A manager shows an intern how to code


Like internships, many of the businesses we spoke to highlighted how having high quality graduates nearby was clearly a benefit. “We opened our very first office here back in 2006—Newcastle is our home, so there’s definitely a sense of pride in our local talent, and a desire to give back to the area by supporting local students in their first steps towards rewarding professional lives.  It’s a two-way street; they get our business knowledge and support, and we get their passion,” says James.

Having worked with many students before on internships and projects also offers businesses the chance to understand if they would be a good fit for a graduate job. “Many of our staff members have graduated from the university or are currently studying there. This has also benefitted us greatly, as we’ve been able to recruit dedicated, hardworking, and friendly staff from a young age. And, we’re very happy to have been able to give them all the opportunity to grow and reach their potential,” adds Michael.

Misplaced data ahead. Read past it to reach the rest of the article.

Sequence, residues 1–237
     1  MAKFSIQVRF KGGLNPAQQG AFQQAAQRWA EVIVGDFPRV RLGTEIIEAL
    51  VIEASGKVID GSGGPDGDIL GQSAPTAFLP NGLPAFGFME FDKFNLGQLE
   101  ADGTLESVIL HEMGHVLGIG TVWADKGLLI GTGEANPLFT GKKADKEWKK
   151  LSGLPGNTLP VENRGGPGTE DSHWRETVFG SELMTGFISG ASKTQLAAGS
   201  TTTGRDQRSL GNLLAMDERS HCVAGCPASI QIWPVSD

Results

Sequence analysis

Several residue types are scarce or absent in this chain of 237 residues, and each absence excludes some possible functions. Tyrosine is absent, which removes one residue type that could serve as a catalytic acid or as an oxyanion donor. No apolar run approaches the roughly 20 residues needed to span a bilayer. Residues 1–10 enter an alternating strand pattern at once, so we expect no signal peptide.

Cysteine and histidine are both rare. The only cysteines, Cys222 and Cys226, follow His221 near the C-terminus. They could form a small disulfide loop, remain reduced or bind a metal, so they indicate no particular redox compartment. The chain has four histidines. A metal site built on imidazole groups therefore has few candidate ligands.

It’s a two-way street: they get our business knowledge and support, and we get their passion.

James McDonagh, Director of EMEA at Frank Recruitment Group


Beyond the more structured realms of work placements, internships and graduate jobs, Michael tells me Garment Quarter has benefit from student collaborations. “There have been occasions when we’ve offered students modelling work and collaborated with them on fashion shows and photography campaigns. We have a mutually beneficial relationship that allows us to showcase fresh and local talent, while the students are able to gain more exposure for their work,” says Michael.

Darren explains how this has worked in practice at DeltaNet International: “Last summer we invited three students into the organisation for a three-month marketing internship, initially to support a large SEO project we were working on internally. The students were introduced to the concept of digital marketing and SEO strategy and, with guidance, made significant contributions to our website knowledge base. Working on topics as diverse as information security, Fire Safety, GDPR, and modern slavery, we couldn’t have completed the project without them – and certainly not in the amount of time we did.”